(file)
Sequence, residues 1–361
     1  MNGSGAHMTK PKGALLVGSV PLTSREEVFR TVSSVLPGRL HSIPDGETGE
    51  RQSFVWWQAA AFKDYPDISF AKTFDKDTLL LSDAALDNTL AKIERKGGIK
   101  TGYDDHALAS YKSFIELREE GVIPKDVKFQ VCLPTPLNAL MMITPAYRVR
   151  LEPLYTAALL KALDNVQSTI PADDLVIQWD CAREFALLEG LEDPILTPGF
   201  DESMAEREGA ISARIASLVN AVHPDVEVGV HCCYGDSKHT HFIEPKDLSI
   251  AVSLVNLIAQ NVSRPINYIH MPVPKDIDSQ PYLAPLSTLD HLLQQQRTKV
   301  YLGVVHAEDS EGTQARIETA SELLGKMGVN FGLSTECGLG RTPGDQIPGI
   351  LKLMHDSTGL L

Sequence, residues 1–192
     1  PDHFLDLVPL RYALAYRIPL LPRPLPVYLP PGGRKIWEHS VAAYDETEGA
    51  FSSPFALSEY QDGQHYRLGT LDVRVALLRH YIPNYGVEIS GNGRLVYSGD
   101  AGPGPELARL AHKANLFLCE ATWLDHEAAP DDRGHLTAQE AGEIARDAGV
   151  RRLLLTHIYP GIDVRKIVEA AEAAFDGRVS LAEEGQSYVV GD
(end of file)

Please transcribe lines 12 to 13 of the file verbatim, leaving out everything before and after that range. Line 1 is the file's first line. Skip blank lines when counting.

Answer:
    51  FSSPFALSEY QDGQHYRLGT LDVRVALLRH YIPNYGVEIS GNGRLVYSGD
   101  AGPGPELARL AHKANLFLCE ATWLDHEAAP DDRGHLTAQE AGEIARDAGV